A functional polymorphism in the chemokine receptor CX3CR1 is associated with protection from vascular diseases including coronary artery disease and internal carotid artery occlusive disease. We investigated the mechanisms by which CX3CR1 may be involved by evaluating the inflammatory response to arterial injury in CX3CR1-deficient animals.
Femoral arteries of CX3CR1-/- and wild-type (WT) mice were injured with an angioplasty guide wire. After 1, 5, 14, and 28 days, arteries were harvested and evaluated by histology, morphometry, and immunohistochemistry. Arterial injury upregulated the CX3CR1 ligand CX3CL1. In CX3CR1-/- compared with WT animals, the incidence of neointima formation was 58% lower (P=0.0017), accompanied by no difference in the area of platelet accumulation at day 1 (P=0.48) but a significant decrease in intimal monocyte infiltration at day 5 (P=0.006), vascular smooth muscle cell (VSMC) proliferation at days 5 and 14, and intimal area at day 28 (P=0.009).
In an endothelial denudation injury model, CX3CR1 deficiency protects animals from developing intimal hyperplasia as a result of decreased monocyte trafficking to the lesion. CX3CR1 deficiency decreases VSMC proliferation and intimal accumulation either directly or indirectly as a result of defective monocyte infiltration.
"CCR2 is expressed on the majority of blood monocytes, other leukocytes, and a subset of T cells, mainly responding to directed cell migration toward its primary ligand MCP1 . In addition, CCR2-deficient animals ex decreased susceptibility to atherosclerosis and decreased intimal hyperplasia following arterial injury –. Similarly, CX3CR1 is expressed on monocytes, natural killer cells, a subset of T cells, and SMCs –. Its ligand CX3CL1, a membrane-bound chemokine, is increased in atherosclerosis . "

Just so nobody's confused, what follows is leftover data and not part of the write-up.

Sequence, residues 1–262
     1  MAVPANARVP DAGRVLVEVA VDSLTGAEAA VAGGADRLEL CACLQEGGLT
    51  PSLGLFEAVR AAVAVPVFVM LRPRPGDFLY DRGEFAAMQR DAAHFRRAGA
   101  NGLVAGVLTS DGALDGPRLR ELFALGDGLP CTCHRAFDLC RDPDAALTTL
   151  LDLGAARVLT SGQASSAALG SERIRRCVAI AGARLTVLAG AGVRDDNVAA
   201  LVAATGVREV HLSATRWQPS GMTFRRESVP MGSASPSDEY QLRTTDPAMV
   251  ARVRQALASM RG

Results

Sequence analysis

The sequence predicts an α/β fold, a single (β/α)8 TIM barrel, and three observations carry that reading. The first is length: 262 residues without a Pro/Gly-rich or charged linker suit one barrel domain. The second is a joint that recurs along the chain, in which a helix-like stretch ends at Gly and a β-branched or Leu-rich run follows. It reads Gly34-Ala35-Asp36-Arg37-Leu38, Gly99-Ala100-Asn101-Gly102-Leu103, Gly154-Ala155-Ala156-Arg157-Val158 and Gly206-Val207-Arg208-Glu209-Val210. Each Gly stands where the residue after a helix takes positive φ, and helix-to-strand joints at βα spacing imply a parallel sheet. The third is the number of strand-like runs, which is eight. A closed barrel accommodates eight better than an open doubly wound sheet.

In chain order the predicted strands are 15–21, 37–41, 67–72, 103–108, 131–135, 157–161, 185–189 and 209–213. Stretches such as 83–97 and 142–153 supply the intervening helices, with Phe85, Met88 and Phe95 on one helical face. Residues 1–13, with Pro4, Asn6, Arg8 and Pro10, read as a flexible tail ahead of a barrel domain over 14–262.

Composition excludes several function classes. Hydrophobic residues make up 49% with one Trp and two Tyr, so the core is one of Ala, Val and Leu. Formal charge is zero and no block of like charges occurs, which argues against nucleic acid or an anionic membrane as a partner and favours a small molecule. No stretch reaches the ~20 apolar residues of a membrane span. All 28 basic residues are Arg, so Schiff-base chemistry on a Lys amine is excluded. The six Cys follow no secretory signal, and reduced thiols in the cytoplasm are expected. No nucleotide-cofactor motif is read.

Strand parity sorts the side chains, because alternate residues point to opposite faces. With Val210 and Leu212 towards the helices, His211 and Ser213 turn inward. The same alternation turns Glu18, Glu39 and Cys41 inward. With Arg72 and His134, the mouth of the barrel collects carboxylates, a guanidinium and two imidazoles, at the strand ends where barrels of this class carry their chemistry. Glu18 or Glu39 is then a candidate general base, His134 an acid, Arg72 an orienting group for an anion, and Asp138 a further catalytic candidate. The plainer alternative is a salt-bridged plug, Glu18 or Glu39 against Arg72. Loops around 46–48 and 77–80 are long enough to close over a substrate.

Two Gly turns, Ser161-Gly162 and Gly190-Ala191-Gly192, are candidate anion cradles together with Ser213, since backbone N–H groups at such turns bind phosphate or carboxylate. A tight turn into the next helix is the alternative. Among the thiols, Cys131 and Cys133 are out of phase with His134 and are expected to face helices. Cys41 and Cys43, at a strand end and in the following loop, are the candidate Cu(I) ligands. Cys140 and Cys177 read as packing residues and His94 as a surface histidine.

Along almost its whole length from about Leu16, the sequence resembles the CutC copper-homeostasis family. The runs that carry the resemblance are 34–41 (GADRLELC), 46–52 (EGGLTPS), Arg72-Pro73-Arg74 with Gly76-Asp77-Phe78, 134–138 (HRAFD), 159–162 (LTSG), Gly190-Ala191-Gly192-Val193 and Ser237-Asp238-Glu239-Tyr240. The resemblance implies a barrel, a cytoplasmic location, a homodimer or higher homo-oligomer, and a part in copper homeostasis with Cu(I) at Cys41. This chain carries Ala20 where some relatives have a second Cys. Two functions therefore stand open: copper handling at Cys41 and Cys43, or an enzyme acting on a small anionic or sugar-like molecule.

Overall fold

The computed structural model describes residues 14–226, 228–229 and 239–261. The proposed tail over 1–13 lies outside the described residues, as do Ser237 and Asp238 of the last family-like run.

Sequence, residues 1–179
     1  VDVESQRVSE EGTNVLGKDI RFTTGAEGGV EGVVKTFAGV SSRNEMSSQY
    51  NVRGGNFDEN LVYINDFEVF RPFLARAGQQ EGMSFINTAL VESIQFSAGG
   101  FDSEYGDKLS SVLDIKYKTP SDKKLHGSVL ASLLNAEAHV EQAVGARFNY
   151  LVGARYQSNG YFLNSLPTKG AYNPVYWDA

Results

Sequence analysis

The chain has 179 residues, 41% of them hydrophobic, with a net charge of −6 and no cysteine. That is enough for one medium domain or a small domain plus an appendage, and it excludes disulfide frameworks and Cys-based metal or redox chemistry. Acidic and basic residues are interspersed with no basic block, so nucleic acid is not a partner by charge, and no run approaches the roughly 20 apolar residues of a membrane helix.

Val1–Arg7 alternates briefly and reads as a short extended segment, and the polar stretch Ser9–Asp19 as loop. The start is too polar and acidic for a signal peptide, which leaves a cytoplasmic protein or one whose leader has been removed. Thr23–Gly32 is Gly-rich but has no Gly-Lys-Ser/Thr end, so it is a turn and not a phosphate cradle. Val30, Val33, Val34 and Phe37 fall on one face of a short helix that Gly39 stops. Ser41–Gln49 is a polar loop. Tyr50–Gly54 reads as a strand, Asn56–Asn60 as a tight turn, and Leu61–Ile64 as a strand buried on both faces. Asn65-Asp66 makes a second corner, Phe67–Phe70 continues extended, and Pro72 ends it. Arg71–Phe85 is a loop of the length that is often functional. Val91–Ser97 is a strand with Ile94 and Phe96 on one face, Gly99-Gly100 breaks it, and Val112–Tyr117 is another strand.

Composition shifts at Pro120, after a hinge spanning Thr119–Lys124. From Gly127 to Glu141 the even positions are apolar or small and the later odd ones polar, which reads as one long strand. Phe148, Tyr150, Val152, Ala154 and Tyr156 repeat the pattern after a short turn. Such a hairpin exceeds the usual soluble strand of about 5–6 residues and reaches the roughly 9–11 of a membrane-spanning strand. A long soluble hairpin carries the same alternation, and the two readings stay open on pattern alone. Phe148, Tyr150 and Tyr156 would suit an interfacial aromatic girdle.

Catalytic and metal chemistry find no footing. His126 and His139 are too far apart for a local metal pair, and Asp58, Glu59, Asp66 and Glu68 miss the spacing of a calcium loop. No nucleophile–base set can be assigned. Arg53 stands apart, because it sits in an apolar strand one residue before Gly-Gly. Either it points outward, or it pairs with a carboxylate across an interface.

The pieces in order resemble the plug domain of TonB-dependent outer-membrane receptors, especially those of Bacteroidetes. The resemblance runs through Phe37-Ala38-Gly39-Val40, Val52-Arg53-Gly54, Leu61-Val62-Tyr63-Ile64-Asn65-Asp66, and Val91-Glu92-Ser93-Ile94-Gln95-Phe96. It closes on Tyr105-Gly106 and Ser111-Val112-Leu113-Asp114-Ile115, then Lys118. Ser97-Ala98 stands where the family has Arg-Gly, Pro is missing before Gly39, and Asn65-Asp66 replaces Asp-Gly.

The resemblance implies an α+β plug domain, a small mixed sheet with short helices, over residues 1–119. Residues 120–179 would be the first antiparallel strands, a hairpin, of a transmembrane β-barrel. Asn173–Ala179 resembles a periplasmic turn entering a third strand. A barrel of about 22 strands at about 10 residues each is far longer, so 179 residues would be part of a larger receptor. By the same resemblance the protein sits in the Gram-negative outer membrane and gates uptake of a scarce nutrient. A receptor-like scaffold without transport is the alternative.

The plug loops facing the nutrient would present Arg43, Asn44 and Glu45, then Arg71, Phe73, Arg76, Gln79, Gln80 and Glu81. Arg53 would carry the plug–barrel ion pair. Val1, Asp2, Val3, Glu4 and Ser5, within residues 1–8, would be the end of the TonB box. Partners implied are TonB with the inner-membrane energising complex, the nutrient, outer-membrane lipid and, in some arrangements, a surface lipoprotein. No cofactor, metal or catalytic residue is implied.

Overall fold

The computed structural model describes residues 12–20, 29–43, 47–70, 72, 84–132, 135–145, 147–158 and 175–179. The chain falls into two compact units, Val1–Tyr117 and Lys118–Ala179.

[Show abstract][Hide abstract] ABSTRACT: It is well documented that statins protect atherosclerotic patients from inflammatory changes and plaque instability in coronary arteries. However, the underlying mechanisms are not fully understood. Using a previously established mouse model for vulnerable atherosclerotic plaque, we investigated the effect of atorvastatin (10 mg/kg/day) on plaque morphology. Atorvastatin did not lower plasma total cholesterol levels or affect plaque progression at this dosage; however, vulnerable plaque numbers were significantly reduced in the atorvastatin-treated group compared to control. Detailed examinations revealed that atorvastatin significantly decreased macrophage infiltration and subendothelial lipid deposition, reduced intimal collagen content, and elevated collagenase activity and expression of matrix metalloproteinases (MMPs). Because vascular inflammation is largely driven by changes in monocyte/macrophage numbers in the vessel wall, we speculated that the anti-inflammatory effect of atorvastatin may partially result from decreased monocyte recruitment to the endothelium. Further experiments showed that atorvastatin downregulated expression of the chemokines monocyte chemoattractant protein (MCP)-1, chemokine (C-X3-C motif) ligand 1 (CX3CL1) and their receptors CCR2 and, CX3CR1, which are mainly responsible for monocyte recruitment. In addition, levels of the plasma inflammatory markers C-reactive protein (CRP) and tumor necrosis factor (TNF)-α were also significantly decrease in atorvastatin-treated mice. Collectively, our results demonstrate that atorvastatin can improve plaque stability in mice independent of plasma cholesterol levels. Given the profound inhibition of macrophage infiltration into atherosclerotic plaques, we propose that statins may partly exert protective effects by modulating levels of chemokines and their receptors. These findings elucidate yet another atheroprotective mechanism of statins.
PLoS ONE 05/2014; 9(5):e97009. DOI:10.1371/journal.pone.0097009 · 3.23 Impact Factor
"We have previously identified a CX3CR1 monocyte subpopulation capable of phagocytic functions typical of classical MPS as well as mural vascular smooth muscle cell-like functions that occur subsequent to CX3CL1-CX3CR1 interaction in the injured vessel wall , . Interference with CX3CL1-CX3CR1 interaction was also observed to decrease neointima formation and atherosclerosis in murine animal models , , , thus implicating the CX3CL1-CX3CR1 axis in atherosclerotic plaque development. Moreover polymorphisms in CX3CR1 receptors have been associated with variability in prevalence of human atherosclerosis and coronary artery disease . "